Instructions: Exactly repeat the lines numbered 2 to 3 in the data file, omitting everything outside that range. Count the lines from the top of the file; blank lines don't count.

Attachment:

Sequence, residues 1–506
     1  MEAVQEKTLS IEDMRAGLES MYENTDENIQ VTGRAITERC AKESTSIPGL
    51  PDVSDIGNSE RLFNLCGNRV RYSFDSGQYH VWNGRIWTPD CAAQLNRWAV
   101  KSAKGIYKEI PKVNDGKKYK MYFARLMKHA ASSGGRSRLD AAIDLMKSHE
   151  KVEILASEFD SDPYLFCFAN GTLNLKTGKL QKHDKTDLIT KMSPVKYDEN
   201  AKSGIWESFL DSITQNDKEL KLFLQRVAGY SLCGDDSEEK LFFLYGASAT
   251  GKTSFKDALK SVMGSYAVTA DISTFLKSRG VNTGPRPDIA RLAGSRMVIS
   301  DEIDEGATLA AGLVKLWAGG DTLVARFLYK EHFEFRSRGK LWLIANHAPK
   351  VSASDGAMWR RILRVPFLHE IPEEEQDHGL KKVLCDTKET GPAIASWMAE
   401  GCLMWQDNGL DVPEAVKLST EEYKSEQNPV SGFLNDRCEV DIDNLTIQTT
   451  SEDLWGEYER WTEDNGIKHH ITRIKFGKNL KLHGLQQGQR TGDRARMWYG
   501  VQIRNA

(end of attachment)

     1  MEAVQEKTLS IEDMRAGLES MYENTDENIQ VTGRAITERC AKESTSIPGL
    51  PDVSDIGNSE RLFNLCGNRV RYSFDSGQYH VWNGRIWTPD CAAQLNRWAV